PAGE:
Covid 19 Pandemic Property Market Predictions
From complete property collapse to bidding wars on property. This is the craziness in the UK property market at the moment. All are waiting to see what happens in the fall with the end of furloughs and unemployment. Everything has been thrown into the chaos of anxiety and uncertainty. It was tough to tell how exactly it would all come out in the wash. The pandemic is not yet over, we can look ahead to the future and glean a bit of hope from the property market and us as propertyinvestors. As we are constantly buying and selling we are in contact with estate agents in numerous cities. The general consensus is BUSY. Busy like never before. Tremendous demand from investors and first time buyers. We have a property we are trying to buy to turn into a 5 bed social HMO and as much as I hate bidding wars, I am in one. We bought an adjacent property last year, turned it into a 5 bed property generating 15,600 a year net. We recently sold that social HMO 5 bed and looking to replace it to either keep for our long term portfolio or sell on to enhance liquidity. We like the model of Kevin Green in which he keeps one and sells two or keeps two and sell one. I love keeping yet my husband pushes me to sell all the time.
Promising Predictions for the UK Property Market
What I see is that people are moving into more of the suburbs and even cheaper areas like the North East. People learned they can work at home. They do not need to packed like sardines and commute for hours on end. Areas in the North East provide quality housing and quality of life. That is why we are seeing a pricing shift. In 2014-2015 we were buying in Salford Manchester and it seemed virtually no one wanted those terraced houses. We were buying the 50-70k range. Today they are 110-120k. In property you need to think ahead. That is why we are buying in Blackpool and the North East.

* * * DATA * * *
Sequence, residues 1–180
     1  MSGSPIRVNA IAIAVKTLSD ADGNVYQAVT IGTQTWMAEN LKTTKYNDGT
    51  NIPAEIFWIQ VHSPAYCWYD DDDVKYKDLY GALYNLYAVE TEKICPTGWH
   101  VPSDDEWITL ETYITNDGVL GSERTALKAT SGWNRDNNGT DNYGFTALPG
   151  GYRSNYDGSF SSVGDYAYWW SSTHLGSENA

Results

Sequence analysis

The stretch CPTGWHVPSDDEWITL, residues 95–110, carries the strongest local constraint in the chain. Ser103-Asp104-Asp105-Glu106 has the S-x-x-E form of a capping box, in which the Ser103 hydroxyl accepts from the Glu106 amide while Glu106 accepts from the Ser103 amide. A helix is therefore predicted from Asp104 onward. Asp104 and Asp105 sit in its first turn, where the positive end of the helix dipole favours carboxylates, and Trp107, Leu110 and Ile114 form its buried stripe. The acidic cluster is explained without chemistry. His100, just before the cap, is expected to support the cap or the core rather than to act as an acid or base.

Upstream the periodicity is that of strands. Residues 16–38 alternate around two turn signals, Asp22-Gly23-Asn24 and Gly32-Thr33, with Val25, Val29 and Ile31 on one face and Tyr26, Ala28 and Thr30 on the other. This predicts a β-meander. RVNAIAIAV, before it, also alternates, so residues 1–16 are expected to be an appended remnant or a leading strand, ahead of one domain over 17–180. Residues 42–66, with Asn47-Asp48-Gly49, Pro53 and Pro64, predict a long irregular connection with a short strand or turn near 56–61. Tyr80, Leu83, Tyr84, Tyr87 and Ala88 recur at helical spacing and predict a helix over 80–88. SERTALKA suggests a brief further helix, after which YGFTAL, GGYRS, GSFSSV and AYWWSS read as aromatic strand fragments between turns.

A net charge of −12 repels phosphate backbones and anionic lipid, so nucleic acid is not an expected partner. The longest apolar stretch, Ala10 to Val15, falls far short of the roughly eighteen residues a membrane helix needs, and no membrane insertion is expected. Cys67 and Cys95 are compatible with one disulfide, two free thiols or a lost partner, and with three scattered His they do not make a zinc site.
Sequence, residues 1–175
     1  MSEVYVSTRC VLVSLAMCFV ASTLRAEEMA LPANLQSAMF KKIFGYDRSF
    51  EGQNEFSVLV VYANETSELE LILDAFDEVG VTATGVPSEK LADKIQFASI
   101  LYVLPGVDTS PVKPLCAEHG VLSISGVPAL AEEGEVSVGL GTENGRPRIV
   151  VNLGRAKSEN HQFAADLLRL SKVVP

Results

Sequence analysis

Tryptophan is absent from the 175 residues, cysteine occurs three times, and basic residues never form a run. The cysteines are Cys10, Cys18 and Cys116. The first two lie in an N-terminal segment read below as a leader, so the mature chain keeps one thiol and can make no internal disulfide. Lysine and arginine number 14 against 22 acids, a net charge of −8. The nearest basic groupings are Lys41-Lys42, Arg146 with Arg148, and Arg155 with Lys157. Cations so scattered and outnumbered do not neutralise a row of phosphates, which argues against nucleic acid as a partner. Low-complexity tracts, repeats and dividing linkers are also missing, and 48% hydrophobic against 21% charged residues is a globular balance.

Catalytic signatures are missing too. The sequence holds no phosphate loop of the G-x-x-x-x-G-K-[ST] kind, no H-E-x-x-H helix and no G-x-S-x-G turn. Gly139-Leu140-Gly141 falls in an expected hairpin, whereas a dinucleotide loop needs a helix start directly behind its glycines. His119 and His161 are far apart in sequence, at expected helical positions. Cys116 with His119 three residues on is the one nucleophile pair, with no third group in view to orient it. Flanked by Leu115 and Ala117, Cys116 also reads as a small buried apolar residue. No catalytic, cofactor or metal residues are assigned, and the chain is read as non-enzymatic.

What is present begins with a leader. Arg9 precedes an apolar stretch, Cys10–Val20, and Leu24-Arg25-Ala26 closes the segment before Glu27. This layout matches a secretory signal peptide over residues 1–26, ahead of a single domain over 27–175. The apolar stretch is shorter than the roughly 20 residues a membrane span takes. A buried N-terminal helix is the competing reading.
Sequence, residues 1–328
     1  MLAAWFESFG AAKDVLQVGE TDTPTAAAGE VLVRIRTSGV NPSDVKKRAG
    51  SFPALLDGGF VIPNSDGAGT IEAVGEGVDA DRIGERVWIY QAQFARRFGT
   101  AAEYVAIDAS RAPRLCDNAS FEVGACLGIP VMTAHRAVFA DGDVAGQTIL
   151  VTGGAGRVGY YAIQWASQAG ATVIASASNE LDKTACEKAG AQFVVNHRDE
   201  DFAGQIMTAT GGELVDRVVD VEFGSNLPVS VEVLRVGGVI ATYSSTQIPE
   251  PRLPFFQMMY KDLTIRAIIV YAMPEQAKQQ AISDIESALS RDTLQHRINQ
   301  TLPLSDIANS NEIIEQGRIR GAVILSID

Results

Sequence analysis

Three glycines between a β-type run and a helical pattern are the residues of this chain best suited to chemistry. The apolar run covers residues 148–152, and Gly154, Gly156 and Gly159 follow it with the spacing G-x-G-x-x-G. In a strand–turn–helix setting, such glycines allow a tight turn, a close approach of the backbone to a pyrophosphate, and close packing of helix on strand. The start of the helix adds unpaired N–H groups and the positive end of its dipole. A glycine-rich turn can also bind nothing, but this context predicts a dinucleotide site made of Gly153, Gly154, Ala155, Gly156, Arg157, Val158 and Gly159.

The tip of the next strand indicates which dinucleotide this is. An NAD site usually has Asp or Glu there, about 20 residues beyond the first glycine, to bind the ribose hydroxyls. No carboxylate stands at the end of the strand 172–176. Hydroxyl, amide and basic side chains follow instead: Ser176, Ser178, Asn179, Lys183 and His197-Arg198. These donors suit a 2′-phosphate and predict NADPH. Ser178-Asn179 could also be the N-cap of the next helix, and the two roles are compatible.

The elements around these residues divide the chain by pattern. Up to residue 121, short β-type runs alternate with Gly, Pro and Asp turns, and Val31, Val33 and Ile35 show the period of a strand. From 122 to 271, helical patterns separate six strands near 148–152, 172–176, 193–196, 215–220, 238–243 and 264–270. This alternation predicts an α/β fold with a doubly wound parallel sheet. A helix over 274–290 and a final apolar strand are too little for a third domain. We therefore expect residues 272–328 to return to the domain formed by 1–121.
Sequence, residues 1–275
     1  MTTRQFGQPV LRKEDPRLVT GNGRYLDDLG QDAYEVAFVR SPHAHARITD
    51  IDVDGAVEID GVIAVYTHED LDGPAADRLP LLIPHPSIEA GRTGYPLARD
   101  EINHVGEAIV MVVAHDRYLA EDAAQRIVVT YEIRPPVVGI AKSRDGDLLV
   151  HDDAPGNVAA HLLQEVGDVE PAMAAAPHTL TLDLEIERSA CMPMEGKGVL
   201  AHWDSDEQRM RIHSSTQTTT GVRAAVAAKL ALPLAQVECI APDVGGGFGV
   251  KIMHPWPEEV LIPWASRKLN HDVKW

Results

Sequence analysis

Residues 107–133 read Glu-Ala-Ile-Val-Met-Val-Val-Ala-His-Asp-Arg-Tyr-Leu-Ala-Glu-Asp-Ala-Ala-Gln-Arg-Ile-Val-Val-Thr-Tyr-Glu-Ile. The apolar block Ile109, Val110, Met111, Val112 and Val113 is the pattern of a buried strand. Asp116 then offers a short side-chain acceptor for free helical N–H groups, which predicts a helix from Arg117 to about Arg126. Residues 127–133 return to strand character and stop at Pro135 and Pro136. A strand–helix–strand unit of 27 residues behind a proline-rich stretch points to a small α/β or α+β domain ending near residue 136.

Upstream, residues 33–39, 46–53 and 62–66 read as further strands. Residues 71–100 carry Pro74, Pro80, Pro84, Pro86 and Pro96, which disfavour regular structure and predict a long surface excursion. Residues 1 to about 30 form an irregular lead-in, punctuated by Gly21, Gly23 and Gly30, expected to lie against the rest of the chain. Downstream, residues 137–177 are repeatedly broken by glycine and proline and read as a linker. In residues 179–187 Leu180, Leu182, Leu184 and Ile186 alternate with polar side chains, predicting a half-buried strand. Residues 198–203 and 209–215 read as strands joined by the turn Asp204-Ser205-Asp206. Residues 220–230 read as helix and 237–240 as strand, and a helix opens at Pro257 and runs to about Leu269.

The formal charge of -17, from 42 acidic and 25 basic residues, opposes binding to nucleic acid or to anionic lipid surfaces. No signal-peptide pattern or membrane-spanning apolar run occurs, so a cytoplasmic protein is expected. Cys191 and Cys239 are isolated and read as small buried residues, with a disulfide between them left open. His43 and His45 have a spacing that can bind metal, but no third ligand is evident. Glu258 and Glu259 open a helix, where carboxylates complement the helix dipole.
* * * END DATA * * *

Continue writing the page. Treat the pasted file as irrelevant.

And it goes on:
Property has been more than stable. Plus we have a very long term outlook. This is the key to property success. We’ve also seen that, by and large, home prices have remained remarkably stable. Even though there was a significant dip in property transactions, the prices of properties have not significantly changed from their expected growth trajectories. Naturally, this is good news. With expectations of a recession (and the reality of one, now), there were fears that we would see the drastic drops in value that we saw during the Great Recession. So far, by and large, this has not been the case. As I said earlier, bidding wars are more common than price reductions.
While a suburban surge is expected, we also anticipate growth for secondary and tertiary markets. Primary markets will no doubt struggle such as London or Birmingham — dense populations and high costs of living will deter growth in the coming year. Secondary markets, however, will continue to attract populations looking for greater affordability, particularly as employment concerns grow ie the North East. We are buying below 2008 prices. As well as buying below replacement value. In addition to a likely shift towards more affordable cities, we’re likely to see an increase in single-family renters. With population density and neighbor proximity bringing about health concerns, renters will be looking for the distance that can be afforded in single-family rentals in secondary and tertiary markets, where their money will buy more square footage and space between neighbors.
This creates the perfect property investment for us.
What do you think?